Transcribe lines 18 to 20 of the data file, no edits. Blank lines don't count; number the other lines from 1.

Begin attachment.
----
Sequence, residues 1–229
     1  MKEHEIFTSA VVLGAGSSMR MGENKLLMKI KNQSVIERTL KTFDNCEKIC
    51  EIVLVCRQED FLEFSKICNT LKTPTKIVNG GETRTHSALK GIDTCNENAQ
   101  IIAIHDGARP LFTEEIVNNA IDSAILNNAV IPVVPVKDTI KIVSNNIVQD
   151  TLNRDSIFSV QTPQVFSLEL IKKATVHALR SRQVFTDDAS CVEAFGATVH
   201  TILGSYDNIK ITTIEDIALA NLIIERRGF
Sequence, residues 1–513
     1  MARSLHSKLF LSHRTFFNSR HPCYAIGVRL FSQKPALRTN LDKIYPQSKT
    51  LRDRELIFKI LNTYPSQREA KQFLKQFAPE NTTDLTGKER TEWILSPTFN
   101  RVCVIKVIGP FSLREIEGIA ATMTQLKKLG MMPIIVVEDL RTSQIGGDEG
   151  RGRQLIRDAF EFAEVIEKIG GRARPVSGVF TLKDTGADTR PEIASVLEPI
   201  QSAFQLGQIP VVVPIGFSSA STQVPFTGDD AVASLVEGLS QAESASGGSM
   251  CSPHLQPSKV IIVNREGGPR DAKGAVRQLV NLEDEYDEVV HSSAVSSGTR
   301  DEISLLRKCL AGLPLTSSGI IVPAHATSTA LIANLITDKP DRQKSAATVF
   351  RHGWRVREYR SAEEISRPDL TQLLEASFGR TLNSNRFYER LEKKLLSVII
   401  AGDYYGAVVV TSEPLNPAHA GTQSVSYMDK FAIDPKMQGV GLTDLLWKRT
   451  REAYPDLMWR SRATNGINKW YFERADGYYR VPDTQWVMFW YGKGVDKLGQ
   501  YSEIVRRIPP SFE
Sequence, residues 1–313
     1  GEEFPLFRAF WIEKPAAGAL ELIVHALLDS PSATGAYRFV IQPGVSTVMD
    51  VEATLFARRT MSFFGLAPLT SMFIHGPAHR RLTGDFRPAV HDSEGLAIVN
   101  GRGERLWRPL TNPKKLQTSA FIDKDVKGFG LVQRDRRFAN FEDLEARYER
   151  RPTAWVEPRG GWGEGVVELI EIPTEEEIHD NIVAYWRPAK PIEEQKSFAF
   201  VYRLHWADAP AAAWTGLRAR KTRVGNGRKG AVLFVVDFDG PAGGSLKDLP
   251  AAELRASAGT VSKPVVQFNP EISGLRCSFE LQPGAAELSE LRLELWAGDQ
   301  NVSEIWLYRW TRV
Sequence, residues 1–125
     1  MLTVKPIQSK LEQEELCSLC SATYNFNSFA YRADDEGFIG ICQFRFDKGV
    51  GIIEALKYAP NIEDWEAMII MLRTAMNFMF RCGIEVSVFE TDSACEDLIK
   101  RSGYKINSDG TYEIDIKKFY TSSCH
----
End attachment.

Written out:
   501  YSEIVRRIPP SFE
Sequence, residues 1–313
     1  GEEFPLFRAF WIEKPAAGAL ELIVHALLDS PSATGAYRFV IQPGVSTVMD